Kidder, Ayres Riggs (C.G. Kidder, C.H. Ayres and Lawrason Riggs, Jr., of counsel), for executrix.
William H. Kinnear, for state comptroller.
This is a proceeding certified to the surrogate under the Transfer Tax Law in order that he may determine the last legal residence of Edwin Norton, deceased. The state comptroller contends that the decedent died a resident of this state, while the executors contend that he died a resident of the island of Bermuda, British territory. Under our Tax Law, if the decedent at the time of his death was a resident of this state, all his personal property, wherever situated, would be subject to the transfer tax of this state, while if he died a resident of Bermuda the only part of his estate which would be taxable under the laws of this state would be his tangible personal property actually within this state. The question of last residence must therefore be determined by the surrogate before a tax can be assessed upon the estate. This matter involves the meaning of the term "residence" in the Transfer Tax Law.
In Matter of Martin, 94 Misc. 81, I endeavored to show, with some particularity, that the terms "residence" and "domicile" are, in our law, at times to be regarded as synonymous and at others to be differentiated. Certainly the differences of meaning of the terms "residence" and "domicile" are often easily perceptible, and yet at other times most difficult to contrast. Matter of Mesa y Hernandez, 87 Misc. 252. The authorities, some of them cited by me in Matter of Martin, and others not there cited, seemed to me to authorize the conclusion that "domicile" and "residence" are not equivalents under the Transfer Tax Law now in force. Frost v. Brisbin, 19 Wend. 11. In Matter of Morgan, ( 95 Misc. 451) I pointed out that the character gained by residence ceases by non-residence. It is an adventitious character and no longer adheres to one from the moment he puts himself in motion bona fide to quit the country sine animo revertendi. In the same judgment I endeavored to show that the right of New York as a state of the Union to impose a transfer tax under our federal system of government was predicted primarily of the protection afforded by this state to residents or to non-residents who choose to leave their goods and property within this state, while not personally residing here. I then thought that the principle of domicile, while highly illustrate, did not conclude a residence for the purpose of taxation. I am convinced that my reasoning was not devoid of authority, at least if we would give any weight to those higher sources of law usually regarded in other countries as controlling on questions of domicile and commorancy. But in the course of this opinion I shall have to revise my conclusion in the light of several late adjudications which define the term "residence" as used in the Transfer Tax Law as a domicile. They hold, in other words, that a man's residence means his domicile. Before proceeding to the facts disclosed here, and the application of the late decisions to which I allude, let me review, for a moment, the state of the law bearing upon the principle of domicile, for that is now made particularly necessary by such late decisions of our own state.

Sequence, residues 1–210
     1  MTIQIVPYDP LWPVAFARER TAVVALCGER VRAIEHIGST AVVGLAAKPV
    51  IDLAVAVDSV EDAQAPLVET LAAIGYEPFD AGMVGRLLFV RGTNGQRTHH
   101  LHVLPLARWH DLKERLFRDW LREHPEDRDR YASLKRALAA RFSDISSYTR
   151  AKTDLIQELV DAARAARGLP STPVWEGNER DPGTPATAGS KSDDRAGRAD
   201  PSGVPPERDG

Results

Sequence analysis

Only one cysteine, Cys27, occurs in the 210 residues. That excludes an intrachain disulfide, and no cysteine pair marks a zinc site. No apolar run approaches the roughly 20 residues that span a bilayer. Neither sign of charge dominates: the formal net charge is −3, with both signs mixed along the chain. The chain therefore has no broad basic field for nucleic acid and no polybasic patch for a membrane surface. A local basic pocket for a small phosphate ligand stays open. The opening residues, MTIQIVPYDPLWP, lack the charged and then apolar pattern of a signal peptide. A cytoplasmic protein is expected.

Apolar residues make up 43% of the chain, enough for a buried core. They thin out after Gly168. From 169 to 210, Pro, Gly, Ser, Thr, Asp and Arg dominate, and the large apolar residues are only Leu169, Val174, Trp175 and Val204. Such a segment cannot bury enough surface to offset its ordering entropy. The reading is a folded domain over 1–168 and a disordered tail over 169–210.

The term "domicile," taken strictly, means at the present day international domicile. The term "domestic domicile" is infelicitous, to say the least. Domicile simpliciter, by reason of its inherent vagueness, is at present more accurately expressed by a circumlocution. Most jurists refer a question offered for solution to the "principle of domicile" rather than to "domicile." See Bentwich Law of Domicile passim, followed in Matter of Grant, 83 Misc. 261. It has been said that the definition of "domicile" is a matter of great difficulty, and also that there is no precise definition of domicile. Cockrell v. Cockrell, 25 L.J. Ch. 730. Westlake so states, which I think is conclusive. But the publicist Dicey at one period dissented from this statement and affirmed that "the elements of domicile are residence and animus manendi." It is extremely doubtful if this simple definition is adequate to very complex conditions of fact. It is often important that a person shall have a defined juristic domicile for purposes of taxation, succession, jurisdiction, etc., but above all for international purposes. But usually commorancy or residence suffices. In reference to some of these purposes Mr. Dicey's simpler definition does not respond to legal requirements. He has, however, given us a later and more complex definition generally acquiesced in in common-law countries. I had occasion to quote Mr. Dicey's larger definition of domicile in Matter of Robitaille, 78 Misc. 112, and I need not repeat it, but even that more comprehensive definition affords only a partial solution of the principle of domicile when applied to complicated cases. When we reflect on the principle of domicile it is evident that a man's domicile, in order to be effective, must be a domicile everywhere recognized or at least recognized as fixing a status in the various jurisdictions or sovereignities to which he resorts from time to time. Otherwise the recognition is nothing but a recognition of his commorancy. Thus a man's domicile should confer an international status, as domicile is not properly a matter of purely local concern.